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Broadcasters Not Flocking to Sell Spectrum, NAB CEO Says Broadcasters Not Flocking to Sell Spectrum, NAB CEO Says

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TECHNOLOGY

Broadcasters Not Flocking to Sell Spectrum, NAB CEO Says

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Gordon Smith, president and CEO of the National Association of Broadcasters, and a former senator from Oregon.(Courtesy of NAB)

LAS VEGAS -- National Association of Broadcasters President and CEO Gordon Smith cheered his group’s success on Monday in gaining key protections in spectrum legislation passed earlier this year by Congress. But he and other broadcasters said they have seen little evidence that TV station owners are flocking to sell off some of their frequencies to make way for their wireless broadband competitors.

“We can’t let down our guard. The American people need broadcasting and depend on what we do for our communities,” said Smith, a former Republican senator from Oregon, during his opening speech at this year’s annual NAB show.

 

He pointed to NAB’s efforts to help shape legislation passed in February to free up more spectrum for wireless broadband use while ensuring that broadcasters didn't get shoved to low-quality channels. The law authorizes the Federal Communications Commission to conduct “incentive auctions” allowing broadcasters to offer bids detailing how much money they would take to give up some of their airwaves to wireless operators.

“Working in unity -- small- and large-market stations together with radio stations from across the country -- we averted a spectrum grab from misguided friends who would have you believe that broadcasting is yesterday’s technology. Ladies and gentleman, NAB is back,” Smith said.

But he noted that the industry would need to remain “vigilant” as the FCC implements the spectrum law. After his speech, Smith told reporters he’s anxious for more details from the FCC on the plan for relocating broadcasters in certain markets to create a block of spectrum that can be auctioned to wireless operators, a process known as “repacking.” Broadcasters want to ensure that stations that don’t give up their spectrum are not harmed.

 

When asked whether he’s heard of many broadcasters willing to participate in the incentive auctions, Smith and other broadcasters at this year’s NAB show say there is little interest so far. “I must say we’ve heard no hooves of a stampede,” Smith said. “I find our members excited about their business, their futures, and anxious to hold on to their spectrum.”

In his speech, Smith warned that wireless operators want even more spectrum in order to launch their own mobile-TV service, which he claimed "would most assuredly not be free." He added: "It seems to me, then, that the government could be in the position of picking the wireless industry as the winner and the consumer as the loser."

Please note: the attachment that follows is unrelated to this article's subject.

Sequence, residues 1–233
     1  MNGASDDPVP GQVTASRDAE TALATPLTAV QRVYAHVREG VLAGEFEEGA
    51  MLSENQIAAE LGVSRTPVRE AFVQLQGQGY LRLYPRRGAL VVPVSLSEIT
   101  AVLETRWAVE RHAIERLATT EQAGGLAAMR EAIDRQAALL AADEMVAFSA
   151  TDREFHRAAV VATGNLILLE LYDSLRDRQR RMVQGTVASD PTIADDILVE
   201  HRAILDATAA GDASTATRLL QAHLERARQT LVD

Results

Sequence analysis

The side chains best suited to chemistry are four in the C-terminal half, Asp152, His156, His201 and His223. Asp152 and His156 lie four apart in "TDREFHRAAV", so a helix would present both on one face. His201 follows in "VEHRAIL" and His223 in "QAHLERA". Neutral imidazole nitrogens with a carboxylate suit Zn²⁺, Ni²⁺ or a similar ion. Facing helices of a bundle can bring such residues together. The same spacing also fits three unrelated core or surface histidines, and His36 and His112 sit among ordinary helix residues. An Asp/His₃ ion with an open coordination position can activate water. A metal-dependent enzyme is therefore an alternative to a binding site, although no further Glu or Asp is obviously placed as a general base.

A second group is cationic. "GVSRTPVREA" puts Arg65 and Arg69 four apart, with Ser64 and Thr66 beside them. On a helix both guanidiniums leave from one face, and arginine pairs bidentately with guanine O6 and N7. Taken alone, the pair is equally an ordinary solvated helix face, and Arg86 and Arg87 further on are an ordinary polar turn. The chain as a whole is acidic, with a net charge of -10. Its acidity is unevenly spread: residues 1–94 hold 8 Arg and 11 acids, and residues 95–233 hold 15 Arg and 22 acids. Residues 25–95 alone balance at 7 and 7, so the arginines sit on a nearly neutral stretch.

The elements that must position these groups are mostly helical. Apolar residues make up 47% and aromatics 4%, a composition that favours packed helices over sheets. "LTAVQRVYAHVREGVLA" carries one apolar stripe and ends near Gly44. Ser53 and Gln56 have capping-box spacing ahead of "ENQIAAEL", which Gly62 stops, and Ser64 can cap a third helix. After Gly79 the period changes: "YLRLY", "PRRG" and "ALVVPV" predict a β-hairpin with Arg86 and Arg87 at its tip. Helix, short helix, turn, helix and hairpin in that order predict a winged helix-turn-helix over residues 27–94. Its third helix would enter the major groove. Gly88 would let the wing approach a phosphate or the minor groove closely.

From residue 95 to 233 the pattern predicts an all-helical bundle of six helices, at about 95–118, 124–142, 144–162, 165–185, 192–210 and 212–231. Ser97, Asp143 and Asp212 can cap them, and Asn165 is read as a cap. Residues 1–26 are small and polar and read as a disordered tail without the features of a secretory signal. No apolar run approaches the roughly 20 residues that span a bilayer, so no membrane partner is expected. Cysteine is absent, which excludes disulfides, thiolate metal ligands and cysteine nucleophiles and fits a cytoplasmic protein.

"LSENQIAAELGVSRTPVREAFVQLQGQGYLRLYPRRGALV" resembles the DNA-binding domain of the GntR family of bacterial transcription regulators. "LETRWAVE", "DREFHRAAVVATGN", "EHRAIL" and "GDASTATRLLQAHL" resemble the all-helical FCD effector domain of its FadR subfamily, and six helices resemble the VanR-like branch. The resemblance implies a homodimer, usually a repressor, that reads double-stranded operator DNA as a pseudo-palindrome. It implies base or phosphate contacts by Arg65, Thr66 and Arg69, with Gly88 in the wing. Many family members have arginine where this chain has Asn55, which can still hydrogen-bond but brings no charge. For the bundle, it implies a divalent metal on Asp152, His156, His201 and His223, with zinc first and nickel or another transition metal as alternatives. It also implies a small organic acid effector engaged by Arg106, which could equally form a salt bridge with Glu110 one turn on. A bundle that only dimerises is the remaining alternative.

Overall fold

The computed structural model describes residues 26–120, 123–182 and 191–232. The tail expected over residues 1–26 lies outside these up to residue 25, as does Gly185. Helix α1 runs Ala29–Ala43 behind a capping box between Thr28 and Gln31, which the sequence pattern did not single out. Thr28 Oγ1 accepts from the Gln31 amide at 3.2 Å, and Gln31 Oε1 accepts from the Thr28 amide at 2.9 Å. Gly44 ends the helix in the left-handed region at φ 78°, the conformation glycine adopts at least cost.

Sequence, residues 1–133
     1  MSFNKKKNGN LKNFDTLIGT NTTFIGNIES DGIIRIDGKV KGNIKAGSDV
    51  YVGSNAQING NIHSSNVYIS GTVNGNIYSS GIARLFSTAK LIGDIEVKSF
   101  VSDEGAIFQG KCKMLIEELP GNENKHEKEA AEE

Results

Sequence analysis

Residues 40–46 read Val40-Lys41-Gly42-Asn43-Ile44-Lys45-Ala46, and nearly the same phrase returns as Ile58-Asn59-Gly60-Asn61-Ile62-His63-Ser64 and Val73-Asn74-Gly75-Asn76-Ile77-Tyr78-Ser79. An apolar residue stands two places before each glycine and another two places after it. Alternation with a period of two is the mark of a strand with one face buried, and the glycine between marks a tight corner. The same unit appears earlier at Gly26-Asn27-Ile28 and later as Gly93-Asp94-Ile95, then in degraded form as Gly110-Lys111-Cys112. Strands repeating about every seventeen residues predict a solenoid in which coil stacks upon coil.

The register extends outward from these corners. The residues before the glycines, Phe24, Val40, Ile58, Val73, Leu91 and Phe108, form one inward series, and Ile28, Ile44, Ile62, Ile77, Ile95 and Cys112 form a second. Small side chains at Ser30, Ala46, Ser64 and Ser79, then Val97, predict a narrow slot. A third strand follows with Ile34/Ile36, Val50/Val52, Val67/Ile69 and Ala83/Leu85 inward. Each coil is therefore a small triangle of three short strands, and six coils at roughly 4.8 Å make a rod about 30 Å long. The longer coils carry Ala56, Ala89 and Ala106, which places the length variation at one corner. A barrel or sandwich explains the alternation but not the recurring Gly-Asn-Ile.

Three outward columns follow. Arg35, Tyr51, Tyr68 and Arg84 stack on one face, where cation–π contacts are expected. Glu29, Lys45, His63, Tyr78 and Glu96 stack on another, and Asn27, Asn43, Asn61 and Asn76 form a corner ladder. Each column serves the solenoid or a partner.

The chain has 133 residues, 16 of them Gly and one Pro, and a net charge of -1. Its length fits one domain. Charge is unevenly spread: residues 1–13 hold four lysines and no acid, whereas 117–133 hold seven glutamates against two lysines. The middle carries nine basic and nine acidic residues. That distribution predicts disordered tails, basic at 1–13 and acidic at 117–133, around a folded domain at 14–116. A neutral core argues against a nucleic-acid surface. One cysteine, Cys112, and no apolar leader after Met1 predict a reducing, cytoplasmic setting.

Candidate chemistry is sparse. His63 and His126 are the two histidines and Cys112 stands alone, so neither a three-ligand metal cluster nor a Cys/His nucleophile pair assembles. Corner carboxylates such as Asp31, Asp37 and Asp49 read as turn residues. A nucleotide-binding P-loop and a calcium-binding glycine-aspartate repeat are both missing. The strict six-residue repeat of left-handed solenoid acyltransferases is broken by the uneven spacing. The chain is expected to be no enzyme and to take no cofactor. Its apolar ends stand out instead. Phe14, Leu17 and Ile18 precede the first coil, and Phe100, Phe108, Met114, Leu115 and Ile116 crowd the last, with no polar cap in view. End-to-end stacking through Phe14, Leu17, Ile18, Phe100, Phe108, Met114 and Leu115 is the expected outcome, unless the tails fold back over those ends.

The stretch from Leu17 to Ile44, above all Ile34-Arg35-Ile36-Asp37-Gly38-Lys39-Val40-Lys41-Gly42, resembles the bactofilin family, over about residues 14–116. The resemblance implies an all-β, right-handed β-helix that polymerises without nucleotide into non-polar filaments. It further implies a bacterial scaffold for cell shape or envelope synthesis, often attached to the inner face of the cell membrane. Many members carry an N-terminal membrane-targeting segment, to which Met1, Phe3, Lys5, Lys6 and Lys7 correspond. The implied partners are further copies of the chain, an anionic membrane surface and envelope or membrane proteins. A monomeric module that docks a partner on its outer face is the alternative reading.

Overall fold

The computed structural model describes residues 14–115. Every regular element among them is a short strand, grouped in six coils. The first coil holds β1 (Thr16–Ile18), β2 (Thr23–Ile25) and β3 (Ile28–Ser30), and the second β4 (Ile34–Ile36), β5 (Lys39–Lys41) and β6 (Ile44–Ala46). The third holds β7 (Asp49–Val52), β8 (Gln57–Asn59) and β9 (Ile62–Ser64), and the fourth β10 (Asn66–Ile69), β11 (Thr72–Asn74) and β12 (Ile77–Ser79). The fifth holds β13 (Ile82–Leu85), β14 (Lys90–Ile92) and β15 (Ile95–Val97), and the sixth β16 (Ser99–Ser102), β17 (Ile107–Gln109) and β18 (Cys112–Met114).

The wireless-industry group CTIA, however, shot back, arguing that consumers have so far shown little interest in broadcasters’ mobile-TV products but are eager for the latest offerings from the wireless industry.

“NAB has talked for mobile TV for years, usually when they’re explaining to policymakers why they should keep spectrum they didn’t pay for, but I don’t know any consumer who’s clamoring for it,” CTIA Vice President of Government Affairs Jot Carpenter said in a statement. “Conversely, folks seem to line up outside wireless stores when new wireless devices become available. Mr. Smith may not like it, but that’s the market speaking.”

 

Smith, meanwhile, also pledged to fight an aggressive push by cable and satellite operators and other pay-TV providers to get Congress and the FCC to overhaul “retransmission” rules, which require pay-TV providers to negotiate fees with broadcasters to use their programming. Cable providers and others argue that the current law is tilted in favor of broadcasters, who are using that power to withhold programming during negotiations to extract higher retransmission fees.

“The current system is fair and benefits its users,” Smith said.

Smith, however, did urge the radio and TV broadcasters to challenge their existing business models and do more to anticipate what consumers will want in the future. “We are harnessing the power of technology in Washington, D.C. But my question to you is, are you prepared to do the same in the marketplace?”

Among the ways broadcasters are trying to meet consumer demand now is by providing access to their programming anywhere, any time, he said. In addition to mobile TV, NAB also is pushing wireless makers to include FM chips in their cell phones and smartphones so users could listen to FM stations on those devices. Smith acknowledged that some wireless phones include the chip, but complained that most consumers don’t know it’s available and that wireless operators haven’t always activated the chip.

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